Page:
Iran’s natural gas infrastructure is confronting a significant pressure problem, particularly in the Asaluyeh region part of the South Pars field, which serves as the heart of Iran’s gas production. This loss of pressure in the gas reserves has raised alarms and drawn the attention of Iranian officials and industry experts. Iran and Qatar share ownership of the South Pars gas field.
Iranian First Vice-President Mohammad Mokhber recently underscored the severity of this challenge, emphasizing the urgent need for considerable investments in the Asaluyeh region, which stands as the heart of Iran’s gas production. On 15 August, Mokhber, during a dialogue with state department experts and managers, indicated that an investment approximating $20 billion would be necessary to counteract the pressure losses within the reserves, ensuring sustained production. He stated that Iran invested in 75 oil and gas projects, totaling $38.6 billion. Furthermore, he highlighted that during the previous government’s tenure, oil sales ranged from 300,000 to 400,000 barrels, while under the current government, they have surged to exceed one million barrels.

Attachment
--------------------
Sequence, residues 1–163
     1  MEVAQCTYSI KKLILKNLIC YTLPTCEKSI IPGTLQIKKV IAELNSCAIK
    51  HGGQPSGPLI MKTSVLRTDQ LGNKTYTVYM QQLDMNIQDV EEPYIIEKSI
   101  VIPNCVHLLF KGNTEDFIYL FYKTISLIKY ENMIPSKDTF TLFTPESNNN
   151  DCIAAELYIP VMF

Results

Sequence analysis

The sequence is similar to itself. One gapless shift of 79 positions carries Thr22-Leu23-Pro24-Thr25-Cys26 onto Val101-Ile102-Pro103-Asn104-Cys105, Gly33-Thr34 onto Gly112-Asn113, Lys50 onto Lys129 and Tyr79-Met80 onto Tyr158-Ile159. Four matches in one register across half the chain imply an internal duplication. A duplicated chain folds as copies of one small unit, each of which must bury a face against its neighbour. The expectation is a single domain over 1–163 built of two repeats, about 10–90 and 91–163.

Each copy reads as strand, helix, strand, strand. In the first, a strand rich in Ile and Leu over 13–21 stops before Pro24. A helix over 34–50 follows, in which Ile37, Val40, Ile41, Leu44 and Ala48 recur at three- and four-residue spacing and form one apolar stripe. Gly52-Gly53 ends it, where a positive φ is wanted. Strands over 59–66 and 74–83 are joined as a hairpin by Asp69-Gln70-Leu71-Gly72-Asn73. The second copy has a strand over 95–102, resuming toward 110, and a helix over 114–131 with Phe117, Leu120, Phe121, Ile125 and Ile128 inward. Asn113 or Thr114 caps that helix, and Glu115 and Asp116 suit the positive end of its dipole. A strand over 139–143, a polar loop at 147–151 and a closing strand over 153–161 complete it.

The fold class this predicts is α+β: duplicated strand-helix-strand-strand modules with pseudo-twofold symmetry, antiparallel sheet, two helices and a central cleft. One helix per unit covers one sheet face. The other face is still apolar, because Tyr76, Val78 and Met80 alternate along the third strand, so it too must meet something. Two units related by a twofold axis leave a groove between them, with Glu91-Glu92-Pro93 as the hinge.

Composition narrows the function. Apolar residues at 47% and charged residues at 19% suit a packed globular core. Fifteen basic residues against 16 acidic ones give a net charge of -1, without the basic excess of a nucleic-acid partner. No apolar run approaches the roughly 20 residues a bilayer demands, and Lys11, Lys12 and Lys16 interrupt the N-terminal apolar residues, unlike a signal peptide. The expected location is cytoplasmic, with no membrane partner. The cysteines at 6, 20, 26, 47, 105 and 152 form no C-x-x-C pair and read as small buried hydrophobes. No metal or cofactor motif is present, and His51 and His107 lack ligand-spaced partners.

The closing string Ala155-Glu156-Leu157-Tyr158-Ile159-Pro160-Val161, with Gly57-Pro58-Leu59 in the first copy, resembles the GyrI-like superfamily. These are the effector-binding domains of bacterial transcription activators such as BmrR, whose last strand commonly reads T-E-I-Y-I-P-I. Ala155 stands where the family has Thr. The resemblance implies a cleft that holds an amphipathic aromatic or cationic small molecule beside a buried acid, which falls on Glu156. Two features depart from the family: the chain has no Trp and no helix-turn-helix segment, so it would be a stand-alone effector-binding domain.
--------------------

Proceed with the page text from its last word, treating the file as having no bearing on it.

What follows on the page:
In June, Mokhber met with Qatar’s Minister of Labor, Ali bin Samih al-Marri to discuss energy cooperation between the two countries. Mokhber said Iran and Qatar could become regional gas hubs through energy cooperation. Iranian oil minister, Owji in June that “Iran, with 33 trillion cubic meters of recoverable gas reserves, ranks second in the world in terms of reserves of this resource,” adding, “We are striving to turn the Persian Gulf and Asaluyeh into a gas hub, with the assistance of Russia, Turkmenistan, and Qatar.”